Special Issue "What Does the SAT Measure?"

A special issue of Journal of Intelligence (ISSN 2079-3200).

Deadline for manuscript submissions: closed (30 November 2019).

Special Issue Editor

Prof. Dr. Brenda Hannon
E-Mail Website
Guest Editor
Department of Psychology & Sociology, Texas A&M University-Kingsville, Kingsville, TX, USA
Interests: SAT; intelligence; reading comprehension; individual differences; semantic illusions

Special Issue Information

 

Call for Commentaries

Deadline for Commentaries Submissions: 15 October 2019

In concert with Brenda Hannon, we welcome commentaries on her recent article in the Journal of Intelligence entitled “Not all factors contribute equally to European-American and Hispanic Students’ SAT scores”. For the published article, see https://www.mdpi.com/2079-3200/7/3/18 . It is not our aim to start an SAT controversy but to receive comments from experts an interested readers. The commentaries can of course be critical, but emotional and extreme language will not be accepted. Rather our goal is to create a dialogue that advances science.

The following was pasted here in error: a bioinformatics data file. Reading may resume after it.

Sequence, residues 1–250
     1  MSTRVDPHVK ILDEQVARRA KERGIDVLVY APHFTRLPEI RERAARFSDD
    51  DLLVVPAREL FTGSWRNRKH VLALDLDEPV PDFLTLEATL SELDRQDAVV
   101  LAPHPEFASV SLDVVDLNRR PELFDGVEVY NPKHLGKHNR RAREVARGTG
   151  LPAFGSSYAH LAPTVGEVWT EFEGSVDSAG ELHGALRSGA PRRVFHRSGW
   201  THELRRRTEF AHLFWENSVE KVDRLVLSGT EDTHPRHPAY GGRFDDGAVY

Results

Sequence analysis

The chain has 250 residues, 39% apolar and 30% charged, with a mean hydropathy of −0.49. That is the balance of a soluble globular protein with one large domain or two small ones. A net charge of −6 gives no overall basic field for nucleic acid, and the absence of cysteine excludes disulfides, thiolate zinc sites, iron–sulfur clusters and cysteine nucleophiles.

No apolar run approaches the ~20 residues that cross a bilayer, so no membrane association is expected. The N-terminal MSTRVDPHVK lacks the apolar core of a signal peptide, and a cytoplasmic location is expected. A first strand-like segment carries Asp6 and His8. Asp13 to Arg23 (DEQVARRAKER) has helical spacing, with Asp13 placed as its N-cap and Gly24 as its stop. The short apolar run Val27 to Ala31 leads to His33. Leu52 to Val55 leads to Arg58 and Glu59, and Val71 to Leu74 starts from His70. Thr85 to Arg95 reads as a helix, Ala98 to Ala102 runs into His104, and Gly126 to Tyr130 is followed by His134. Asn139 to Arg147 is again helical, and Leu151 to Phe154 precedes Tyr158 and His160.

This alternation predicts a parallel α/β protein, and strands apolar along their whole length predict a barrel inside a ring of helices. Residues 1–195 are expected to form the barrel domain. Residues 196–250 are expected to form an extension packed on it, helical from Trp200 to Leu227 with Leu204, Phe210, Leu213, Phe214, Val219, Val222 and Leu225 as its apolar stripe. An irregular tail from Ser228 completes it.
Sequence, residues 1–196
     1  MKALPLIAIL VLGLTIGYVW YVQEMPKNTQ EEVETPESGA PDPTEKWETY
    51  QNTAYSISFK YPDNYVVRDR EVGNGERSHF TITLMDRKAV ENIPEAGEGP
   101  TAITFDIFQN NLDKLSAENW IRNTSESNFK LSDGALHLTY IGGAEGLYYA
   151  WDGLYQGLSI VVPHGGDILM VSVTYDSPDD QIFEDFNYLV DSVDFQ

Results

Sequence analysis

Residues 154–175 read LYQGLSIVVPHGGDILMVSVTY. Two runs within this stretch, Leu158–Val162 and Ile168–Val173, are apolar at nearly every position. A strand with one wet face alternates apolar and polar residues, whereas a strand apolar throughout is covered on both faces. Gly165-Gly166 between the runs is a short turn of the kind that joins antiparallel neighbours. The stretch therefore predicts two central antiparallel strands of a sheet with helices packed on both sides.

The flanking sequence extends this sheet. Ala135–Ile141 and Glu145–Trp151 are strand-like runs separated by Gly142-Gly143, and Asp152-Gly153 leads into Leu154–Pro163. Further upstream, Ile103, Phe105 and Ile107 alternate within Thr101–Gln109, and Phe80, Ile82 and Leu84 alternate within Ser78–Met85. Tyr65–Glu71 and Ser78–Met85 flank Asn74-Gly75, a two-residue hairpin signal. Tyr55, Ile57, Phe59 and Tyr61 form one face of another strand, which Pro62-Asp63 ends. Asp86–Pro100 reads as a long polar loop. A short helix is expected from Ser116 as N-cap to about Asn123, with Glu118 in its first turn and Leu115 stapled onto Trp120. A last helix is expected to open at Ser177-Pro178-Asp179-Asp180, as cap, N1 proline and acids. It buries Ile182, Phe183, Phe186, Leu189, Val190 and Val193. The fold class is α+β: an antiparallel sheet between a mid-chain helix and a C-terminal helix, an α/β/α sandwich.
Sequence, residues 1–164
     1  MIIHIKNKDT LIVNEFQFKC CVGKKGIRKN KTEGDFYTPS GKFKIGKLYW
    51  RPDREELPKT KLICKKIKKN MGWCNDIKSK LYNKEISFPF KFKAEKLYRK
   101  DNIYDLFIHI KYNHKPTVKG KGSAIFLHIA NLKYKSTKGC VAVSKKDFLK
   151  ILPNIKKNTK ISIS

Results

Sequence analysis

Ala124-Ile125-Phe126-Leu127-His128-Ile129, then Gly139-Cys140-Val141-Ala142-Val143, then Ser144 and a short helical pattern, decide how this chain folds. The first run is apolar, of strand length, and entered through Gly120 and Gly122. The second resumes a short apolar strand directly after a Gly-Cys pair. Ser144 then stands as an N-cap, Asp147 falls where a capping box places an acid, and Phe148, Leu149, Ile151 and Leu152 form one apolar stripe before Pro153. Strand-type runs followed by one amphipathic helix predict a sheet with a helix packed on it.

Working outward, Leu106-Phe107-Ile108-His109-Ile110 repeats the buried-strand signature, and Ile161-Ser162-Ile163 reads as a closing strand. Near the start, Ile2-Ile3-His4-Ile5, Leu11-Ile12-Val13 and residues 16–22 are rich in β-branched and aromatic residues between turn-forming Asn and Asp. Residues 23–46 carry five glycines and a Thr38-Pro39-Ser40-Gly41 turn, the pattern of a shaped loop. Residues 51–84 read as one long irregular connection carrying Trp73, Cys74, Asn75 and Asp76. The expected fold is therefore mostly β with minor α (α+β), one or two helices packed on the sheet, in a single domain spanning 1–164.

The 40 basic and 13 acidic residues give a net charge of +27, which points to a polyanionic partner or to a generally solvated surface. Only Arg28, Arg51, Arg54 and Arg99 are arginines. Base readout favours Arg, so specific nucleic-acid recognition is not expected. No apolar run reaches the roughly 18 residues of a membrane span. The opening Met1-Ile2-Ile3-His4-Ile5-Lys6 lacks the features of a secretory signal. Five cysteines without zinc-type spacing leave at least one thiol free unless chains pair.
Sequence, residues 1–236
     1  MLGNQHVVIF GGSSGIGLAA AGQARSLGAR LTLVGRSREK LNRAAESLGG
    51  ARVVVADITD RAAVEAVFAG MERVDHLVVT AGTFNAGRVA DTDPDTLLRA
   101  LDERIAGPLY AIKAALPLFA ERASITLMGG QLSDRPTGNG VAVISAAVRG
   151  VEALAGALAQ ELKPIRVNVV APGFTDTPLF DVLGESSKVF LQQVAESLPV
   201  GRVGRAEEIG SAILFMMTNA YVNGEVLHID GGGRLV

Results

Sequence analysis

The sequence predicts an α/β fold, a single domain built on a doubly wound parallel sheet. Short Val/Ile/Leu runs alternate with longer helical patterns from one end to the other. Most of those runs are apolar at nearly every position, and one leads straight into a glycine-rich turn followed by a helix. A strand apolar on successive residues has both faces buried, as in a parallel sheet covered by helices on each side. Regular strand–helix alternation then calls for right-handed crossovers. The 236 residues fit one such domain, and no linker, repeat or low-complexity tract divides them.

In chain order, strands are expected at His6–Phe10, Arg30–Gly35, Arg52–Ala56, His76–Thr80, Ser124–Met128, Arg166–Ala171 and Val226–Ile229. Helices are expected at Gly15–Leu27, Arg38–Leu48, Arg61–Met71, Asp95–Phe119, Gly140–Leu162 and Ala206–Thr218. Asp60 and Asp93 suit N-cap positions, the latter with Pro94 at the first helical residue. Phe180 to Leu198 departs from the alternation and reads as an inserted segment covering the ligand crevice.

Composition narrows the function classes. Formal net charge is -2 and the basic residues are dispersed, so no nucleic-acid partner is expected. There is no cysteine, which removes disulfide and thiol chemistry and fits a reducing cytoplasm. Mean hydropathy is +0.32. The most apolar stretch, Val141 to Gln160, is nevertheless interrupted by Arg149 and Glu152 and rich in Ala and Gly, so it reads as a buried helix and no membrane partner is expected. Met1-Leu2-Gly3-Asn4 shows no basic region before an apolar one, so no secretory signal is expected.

Dear Colleagues,

Most institutions of higher education consider the SAT to be of “moderate” to “considerably high” importance when deciding admissions (Zwick, 2012). This fact makes the SAT to be one of, if not, the most important assessment of academic achievement for students (Hannon, 2012). Yet in spite of its importance, researchers have only begun to answer the question: What does the SAT measure? So far, it appears that a number of measures of intelligence are strong predictors of the SAT, with correlations that typically range from .40 to .80; see Frey and Detterman (2004) and Hannon (2016) for examples. It also appears that measures of non-intelligence factors, such as metacognitive awareness, performance avoidance, and test anxiety are unique predictors of SAT scores (Hannon, 2016). However, what about other factors, such as self-efficacy, locus of control, or socioeconomic status? How do intelligence and non-intelligence measures predict SAT performance for different ethnic groups, such as Hispanics, African Americans, or Asians? Finally, how do intelligence and non-intelligence measures predict SAT performance for males versus females? In this symposium, contributors will further explore what the SAT is measuring by determining the relative contributions of intelligence and non-intelligence measures to SAT scores. Use of special populations is welcome.

Prof. Dr. Brenda Hannon
Guest Editor